And for a good reason: his life depends on it. Co-star Ferguson recounts her terror when she saw Cruise fall during the helicopter stunts above New Zealand’s mountain peaks.
“And I scream. I was terrified, absolutely terrified until he says, ‘That’s great, that’s a cut, we got that.’ I thought, ‘Oh my God! This is Mission. Phew!’ I’ve done some of the stunts, but nothing compares to what he does,” she added.
Cruise tells us he saved the most difficult stunt for last. He jumps off a C-17 military transport plane airplane.
“It took over 106 jumps to get it. One-hundred-and-six jumps, and you know, we planned to be there for a week and ended up being there almost a month trying to get that sequence. It is significantly more challenging than I anticipated. I have to say, it was pretty exciting, too,” Cruise said.
So, how long does Cruise plan to keep going? And how can he keep outdoing his previous exploits? Smiling, he says, “As long as I can.”
Film's value in story, characters
Mission: Impossible producer Jake Myers says that although it is stressful to watch Cruise do all these impossible feats, “We wouldn’t have the movies without them. But obviously there is a nail biter every time he does a stunt, so that’s what we are here for.”
Since Cruise assumed the role Hunt in the Mission: Impossible movies, he has infused the franchise with extremely dangerous stunts that bring audiences to the theater. At this point everyone is wondering about the personal risks he takes. During the shooting of this installment, Cruise broke his ankle jumping out of a window and over a wall.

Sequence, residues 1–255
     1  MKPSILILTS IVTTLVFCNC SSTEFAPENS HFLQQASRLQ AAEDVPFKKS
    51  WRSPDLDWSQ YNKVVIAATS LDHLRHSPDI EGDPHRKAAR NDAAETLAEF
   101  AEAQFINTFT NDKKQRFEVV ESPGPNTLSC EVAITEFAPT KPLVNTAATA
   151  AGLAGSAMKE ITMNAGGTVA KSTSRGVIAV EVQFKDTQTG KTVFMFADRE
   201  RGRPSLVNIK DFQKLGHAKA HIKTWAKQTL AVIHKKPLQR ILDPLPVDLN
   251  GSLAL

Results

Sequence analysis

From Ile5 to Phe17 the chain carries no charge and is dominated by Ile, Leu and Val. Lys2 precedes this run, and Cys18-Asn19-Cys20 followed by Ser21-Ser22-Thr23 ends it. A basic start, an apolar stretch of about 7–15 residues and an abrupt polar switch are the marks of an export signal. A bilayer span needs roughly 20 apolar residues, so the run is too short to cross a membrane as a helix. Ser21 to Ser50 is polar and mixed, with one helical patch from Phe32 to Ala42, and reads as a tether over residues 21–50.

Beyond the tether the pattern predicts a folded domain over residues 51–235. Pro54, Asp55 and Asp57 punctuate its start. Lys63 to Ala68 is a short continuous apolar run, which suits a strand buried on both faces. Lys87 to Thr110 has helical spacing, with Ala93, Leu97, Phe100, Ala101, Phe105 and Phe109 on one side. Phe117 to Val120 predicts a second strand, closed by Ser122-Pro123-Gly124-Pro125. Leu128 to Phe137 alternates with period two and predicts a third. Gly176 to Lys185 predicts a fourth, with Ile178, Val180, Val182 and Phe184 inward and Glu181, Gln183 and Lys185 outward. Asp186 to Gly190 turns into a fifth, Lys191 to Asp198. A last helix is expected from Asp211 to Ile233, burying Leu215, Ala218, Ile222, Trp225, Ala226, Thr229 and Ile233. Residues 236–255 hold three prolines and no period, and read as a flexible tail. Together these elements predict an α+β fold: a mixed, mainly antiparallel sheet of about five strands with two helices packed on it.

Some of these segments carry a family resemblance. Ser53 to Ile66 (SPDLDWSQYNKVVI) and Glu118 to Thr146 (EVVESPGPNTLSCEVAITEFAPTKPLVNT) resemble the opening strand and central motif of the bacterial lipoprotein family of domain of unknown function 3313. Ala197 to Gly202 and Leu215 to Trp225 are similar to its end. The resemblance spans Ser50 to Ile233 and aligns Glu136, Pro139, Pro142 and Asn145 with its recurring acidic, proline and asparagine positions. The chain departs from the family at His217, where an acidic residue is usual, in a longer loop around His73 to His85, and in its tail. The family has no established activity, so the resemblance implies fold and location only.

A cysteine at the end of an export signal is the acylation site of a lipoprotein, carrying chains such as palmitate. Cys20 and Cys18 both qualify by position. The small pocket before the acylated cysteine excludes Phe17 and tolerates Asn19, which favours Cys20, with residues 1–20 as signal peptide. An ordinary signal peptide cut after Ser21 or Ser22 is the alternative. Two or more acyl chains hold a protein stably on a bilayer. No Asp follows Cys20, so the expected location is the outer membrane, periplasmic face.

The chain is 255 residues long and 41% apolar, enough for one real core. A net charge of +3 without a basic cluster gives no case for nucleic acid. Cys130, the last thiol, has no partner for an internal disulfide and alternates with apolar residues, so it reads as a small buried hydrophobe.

Filmmaker Christopher McQuarrie does not hide his concern.
“Yes, I mean, when you look at what happened in this movie, when he broke his ankle when he was doing the simplest stunt. There are no small stunts. So, when you are doing a helicopter chase or you are jumping out of a plane at 25,000 feet, it’s all pretty nerve-wracking,” McQuarrie said.
Stunts aside, the Oscar-winning filmmaker says that the film’s value lies in its unpredictable storyline and its complex and endearing characters. One of them is Pegg, who plays the witty, loyal but often skittish Benji.
“I think he is like the most kind of an audience member, Benji, that is why people relate to him,” Pegg said. “That is why sometimes he can be funny because he says the things we are thinking in these incredible situations, where the cool guys are just getting on with it, Benji is the one who asks ‘why are we doing this?’”
Mission: Impossible FALLOUT offers stellar cinematography, which as filmmaker McQuarrie says, was incredibly sophisticated based on the action he had to tape.
“It is very challenging, especially because you have an actor who is willing to do all those stunts,” he said. “It gives you the freedom to put the camera wherever you want and sometimes it is very challenging to find the right place to put it.”
Especially when his team had to capture the star fall from the sky just as the sun was setting. The efforts have not gone unrewarded. Critics are calling the movie one of this year’s best action films.